CIS 500 Information Systems Decision Making
In order to maintain a competitive edge in a global market, the Volvo Car Corporation, an automobile manufacturer based in Sweden, realized that they needed to harness data throughout the life span of their vehicles. Initially, Volvo IT personnel deployed dedicated data marts, or data warehouses, to store the data streaming in from various sources (Teradata, 2011). However, they shortly discovered that they were missing a lot of potentially valuable data because information which could have been correlated was being separated or isolated (Teradata, 2011). This led Volvo to employ the Teradata Corporation, a cloud based data storage company, to consolidate all their data from manufactures, service centers, and even from vehicles being driven by consumers into one enterprise data warehouse (Teradata, 2011). The deployment of this cloud based data warehouse has given Volvo and their employees from all departments the ability to view and access data from all possible sources from just one location. As pointed out by Bill Tobey, a senior technology writer based in Salt Lake City, the move to enterprise data warehousing not only reduced costs by eliminating the need for multiple data marts, but has also lowered data system response times by enabling employees from all departments to view a broad array of data, thus allowing them to make faster and better decisions (Tobey, 2010).
The use of a massive data warehouse has given the Volvo Car Corporation the capability of blending information from many sources, which in turn has given company analysts the ability to create and correlate many different types of reports and analytical data using an array of business tools. Some of the software Volvo was initially using to turn data into knowledge included SAP Business Intelligent tools and Microsoft’s Windows .NET environment, which creates reports and enables ad hoc analyses (Tobey, 2010). Although utilizing an enterprise data warehouse was extremely successful, eventually Volvo realized they were dependent upon too many data management and business intelligent (BI) tools. This was because each department was deploying and utilizing different tools, which not only proved to be costly, but was becoming exceedingly complex and truly unmanageable (Microsoft, 2012). To lower the cost of technology and bring uniformity to all departments, Volvo turned to Microsoft and its core of business intelligent tools. Deploying tools such as Microsoft SQL Server 2012 Business Intelligence Data Management software including the SQL Server 2012 Power View feature, which provided end-users with the ability to use simplistic drag-and-drop data querying features and user-friendly graphical interfaces (GUIs) to aggregate data and create their own reports (Microsoft, 2012). Utilizing business intelligent tools, which provides a single analytical platform, gives Volvo real-time or up to the minute data (Teradata, 2011). This in turn enables Volvo to achieve such undertakings as tracking mechanical failures based upon geographical location and driving patterns, thus giving them the ability to predict future trends in vehicle manufacturing (Teradata, 2011).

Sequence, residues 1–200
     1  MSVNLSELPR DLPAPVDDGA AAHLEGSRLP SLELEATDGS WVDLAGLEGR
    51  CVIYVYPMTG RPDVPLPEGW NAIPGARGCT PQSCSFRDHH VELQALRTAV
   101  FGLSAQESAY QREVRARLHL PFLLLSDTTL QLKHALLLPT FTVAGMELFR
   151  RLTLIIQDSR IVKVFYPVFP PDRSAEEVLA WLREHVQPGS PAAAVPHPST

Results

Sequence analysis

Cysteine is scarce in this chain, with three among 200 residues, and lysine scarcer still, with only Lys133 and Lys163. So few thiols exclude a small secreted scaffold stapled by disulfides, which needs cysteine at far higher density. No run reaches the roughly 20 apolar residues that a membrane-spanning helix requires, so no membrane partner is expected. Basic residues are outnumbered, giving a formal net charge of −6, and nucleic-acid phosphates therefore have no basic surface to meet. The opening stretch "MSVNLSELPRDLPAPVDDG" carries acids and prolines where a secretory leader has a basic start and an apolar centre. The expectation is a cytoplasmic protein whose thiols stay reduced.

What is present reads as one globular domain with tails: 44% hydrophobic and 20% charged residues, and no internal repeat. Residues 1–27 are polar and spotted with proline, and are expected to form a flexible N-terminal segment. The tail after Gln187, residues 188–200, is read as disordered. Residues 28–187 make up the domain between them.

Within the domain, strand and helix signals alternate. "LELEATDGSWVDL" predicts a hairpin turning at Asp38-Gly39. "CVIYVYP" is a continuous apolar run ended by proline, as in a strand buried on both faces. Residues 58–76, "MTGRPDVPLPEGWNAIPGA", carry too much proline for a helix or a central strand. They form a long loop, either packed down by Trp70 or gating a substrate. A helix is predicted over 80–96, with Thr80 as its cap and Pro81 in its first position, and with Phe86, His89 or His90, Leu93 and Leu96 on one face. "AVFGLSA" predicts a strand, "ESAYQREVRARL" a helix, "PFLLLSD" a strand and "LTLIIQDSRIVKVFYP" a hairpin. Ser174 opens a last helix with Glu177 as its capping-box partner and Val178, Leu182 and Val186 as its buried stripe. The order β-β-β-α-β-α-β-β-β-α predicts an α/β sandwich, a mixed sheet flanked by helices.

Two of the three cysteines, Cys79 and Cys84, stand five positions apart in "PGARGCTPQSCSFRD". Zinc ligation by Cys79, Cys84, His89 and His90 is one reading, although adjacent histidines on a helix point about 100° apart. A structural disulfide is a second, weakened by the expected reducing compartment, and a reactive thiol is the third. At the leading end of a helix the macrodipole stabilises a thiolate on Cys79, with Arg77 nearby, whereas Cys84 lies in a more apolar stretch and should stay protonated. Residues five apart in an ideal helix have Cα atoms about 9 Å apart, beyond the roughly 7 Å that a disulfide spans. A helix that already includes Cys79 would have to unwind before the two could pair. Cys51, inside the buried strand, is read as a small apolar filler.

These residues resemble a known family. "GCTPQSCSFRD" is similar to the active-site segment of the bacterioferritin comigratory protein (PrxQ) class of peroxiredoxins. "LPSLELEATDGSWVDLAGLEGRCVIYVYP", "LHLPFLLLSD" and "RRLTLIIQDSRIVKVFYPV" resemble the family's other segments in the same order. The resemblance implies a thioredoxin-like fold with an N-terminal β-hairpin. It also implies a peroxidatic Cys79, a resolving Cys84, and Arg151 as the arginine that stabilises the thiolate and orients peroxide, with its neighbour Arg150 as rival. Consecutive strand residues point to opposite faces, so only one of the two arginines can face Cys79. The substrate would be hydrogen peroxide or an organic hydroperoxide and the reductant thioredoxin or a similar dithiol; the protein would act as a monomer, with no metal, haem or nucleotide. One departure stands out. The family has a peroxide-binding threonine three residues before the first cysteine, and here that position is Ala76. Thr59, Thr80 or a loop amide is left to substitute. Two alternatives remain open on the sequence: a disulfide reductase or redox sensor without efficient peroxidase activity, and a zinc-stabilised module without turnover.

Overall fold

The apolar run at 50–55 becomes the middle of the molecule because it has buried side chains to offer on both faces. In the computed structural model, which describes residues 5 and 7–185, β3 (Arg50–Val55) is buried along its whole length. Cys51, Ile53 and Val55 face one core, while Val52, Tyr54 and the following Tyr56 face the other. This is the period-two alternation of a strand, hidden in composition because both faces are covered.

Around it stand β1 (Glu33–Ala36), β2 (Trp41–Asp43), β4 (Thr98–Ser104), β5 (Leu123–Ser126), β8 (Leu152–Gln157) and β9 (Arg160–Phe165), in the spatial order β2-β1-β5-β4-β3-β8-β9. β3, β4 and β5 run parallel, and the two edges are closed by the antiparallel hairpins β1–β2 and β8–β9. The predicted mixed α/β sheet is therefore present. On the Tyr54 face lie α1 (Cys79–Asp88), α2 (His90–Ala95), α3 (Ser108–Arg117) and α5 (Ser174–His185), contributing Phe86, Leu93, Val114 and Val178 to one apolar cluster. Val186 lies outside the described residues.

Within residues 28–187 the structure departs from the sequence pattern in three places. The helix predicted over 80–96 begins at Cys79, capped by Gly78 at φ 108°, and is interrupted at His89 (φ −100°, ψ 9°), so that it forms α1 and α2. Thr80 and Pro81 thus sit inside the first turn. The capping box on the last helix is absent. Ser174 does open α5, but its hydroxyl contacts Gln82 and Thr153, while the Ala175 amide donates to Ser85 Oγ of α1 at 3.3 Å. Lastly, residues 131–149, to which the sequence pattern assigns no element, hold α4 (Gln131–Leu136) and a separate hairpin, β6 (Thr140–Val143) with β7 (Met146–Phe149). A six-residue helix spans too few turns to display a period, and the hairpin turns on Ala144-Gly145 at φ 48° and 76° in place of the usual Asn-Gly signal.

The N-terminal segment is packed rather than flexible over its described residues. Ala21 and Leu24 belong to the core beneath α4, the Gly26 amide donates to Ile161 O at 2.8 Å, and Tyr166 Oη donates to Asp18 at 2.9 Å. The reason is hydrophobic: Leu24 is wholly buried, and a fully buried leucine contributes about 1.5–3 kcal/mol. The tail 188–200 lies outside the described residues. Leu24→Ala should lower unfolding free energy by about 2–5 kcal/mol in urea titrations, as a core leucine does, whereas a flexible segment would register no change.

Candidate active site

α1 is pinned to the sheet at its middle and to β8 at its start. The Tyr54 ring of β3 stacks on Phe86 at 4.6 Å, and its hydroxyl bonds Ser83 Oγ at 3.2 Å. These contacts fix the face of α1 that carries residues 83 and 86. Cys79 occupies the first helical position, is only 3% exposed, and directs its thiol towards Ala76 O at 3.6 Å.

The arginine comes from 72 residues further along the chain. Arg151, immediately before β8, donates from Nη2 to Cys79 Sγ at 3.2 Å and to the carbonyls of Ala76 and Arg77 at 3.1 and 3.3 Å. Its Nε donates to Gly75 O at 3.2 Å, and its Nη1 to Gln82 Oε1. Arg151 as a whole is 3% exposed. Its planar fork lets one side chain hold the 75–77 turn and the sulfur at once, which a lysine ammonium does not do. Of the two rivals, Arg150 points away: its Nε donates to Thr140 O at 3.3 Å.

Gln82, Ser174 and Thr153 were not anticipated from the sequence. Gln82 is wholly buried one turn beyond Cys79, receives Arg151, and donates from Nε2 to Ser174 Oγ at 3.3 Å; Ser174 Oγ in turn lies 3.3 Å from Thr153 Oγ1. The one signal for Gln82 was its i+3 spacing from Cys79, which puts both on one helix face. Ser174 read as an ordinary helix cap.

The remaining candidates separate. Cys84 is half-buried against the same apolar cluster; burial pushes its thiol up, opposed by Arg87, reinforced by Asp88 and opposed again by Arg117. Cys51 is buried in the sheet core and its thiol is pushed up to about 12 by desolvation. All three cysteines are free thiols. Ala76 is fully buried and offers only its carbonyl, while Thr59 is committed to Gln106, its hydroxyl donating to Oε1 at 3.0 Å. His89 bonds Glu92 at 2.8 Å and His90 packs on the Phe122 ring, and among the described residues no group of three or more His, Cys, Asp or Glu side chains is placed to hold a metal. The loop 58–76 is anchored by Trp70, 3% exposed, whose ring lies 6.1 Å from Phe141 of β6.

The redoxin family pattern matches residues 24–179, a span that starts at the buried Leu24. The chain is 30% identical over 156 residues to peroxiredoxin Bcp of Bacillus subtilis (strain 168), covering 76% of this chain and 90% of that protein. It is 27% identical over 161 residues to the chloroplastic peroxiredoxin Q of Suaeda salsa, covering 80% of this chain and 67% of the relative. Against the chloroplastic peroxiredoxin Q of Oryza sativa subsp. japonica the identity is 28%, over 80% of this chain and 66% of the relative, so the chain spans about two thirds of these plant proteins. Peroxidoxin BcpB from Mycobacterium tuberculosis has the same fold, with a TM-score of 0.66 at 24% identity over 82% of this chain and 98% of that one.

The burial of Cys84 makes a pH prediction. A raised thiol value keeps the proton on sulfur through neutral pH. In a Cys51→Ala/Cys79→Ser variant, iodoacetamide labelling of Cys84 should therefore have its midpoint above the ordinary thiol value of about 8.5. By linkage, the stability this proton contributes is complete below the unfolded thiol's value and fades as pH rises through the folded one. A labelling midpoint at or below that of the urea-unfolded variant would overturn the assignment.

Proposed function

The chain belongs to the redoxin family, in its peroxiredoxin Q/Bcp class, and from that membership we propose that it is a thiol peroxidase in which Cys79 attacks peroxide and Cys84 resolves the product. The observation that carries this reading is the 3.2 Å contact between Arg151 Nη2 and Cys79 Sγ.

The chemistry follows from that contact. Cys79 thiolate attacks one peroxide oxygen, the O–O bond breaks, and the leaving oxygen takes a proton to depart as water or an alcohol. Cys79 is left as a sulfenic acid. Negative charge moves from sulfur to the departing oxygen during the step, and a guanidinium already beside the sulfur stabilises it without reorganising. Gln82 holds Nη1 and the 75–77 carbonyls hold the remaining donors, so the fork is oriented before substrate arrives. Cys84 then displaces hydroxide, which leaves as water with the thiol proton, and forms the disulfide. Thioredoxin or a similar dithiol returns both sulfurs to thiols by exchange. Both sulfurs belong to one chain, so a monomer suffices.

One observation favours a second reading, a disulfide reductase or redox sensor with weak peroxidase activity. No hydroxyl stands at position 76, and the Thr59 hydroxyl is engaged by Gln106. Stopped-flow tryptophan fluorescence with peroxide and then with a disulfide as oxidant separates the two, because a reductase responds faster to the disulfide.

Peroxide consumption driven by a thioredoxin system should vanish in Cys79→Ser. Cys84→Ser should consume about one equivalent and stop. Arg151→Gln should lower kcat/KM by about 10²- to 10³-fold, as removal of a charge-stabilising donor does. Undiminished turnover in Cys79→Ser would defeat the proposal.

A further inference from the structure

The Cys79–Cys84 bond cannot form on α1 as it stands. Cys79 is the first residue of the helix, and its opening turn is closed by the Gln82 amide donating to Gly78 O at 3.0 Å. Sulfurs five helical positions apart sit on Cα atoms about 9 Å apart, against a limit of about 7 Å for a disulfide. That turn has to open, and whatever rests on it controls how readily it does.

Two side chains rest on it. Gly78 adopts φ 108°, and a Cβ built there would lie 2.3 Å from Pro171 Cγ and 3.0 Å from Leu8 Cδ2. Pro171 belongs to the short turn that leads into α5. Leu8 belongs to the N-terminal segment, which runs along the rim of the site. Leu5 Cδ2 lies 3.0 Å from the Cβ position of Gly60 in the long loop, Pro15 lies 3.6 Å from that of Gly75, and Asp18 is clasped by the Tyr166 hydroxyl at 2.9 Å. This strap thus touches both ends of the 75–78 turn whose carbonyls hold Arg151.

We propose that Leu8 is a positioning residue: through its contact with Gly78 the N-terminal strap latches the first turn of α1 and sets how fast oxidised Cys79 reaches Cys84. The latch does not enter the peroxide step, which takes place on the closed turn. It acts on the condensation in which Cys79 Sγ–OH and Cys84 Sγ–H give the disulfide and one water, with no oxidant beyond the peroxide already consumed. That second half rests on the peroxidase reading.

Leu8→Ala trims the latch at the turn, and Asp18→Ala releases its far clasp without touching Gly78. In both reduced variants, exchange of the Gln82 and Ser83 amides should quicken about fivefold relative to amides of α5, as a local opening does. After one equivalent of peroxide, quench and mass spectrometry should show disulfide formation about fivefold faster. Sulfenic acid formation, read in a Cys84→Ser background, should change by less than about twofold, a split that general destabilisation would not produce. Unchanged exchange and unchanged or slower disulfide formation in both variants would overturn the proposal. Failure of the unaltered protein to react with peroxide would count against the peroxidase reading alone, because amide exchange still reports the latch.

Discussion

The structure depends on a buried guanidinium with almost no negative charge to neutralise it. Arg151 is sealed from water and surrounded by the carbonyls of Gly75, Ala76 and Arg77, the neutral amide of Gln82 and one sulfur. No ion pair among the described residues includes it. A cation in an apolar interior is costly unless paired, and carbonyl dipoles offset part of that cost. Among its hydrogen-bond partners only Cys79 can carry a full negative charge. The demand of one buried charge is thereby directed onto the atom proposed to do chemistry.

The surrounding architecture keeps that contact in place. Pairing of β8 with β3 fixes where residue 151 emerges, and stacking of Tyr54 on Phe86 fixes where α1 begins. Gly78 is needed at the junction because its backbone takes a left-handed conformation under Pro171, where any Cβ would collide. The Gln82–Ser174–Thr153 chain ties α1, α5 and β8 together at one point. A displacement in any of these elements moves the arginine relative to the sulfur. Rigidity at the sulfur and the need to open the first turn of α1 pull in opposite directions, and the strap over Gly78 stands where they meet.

Many organizations, such as Volvo, believe that collecting every bit of available data from all possible sources will lead to corporate success by giving their company a competitive advantage. Some refer to this as “Big Data”, but this term can be very confusing since it is a relatively new concept (McKinsey Global Institute, 2011). According to Nigel Turner, vice-president and information management strategist for Harte-Hanks Trillium Software, Big Data can best be defined as corporate practices and technologies that collect, store, process, and utilize data (Turner, 2012). Did Volvo gain a competitive edge and find corporate success by strategically using Big Data?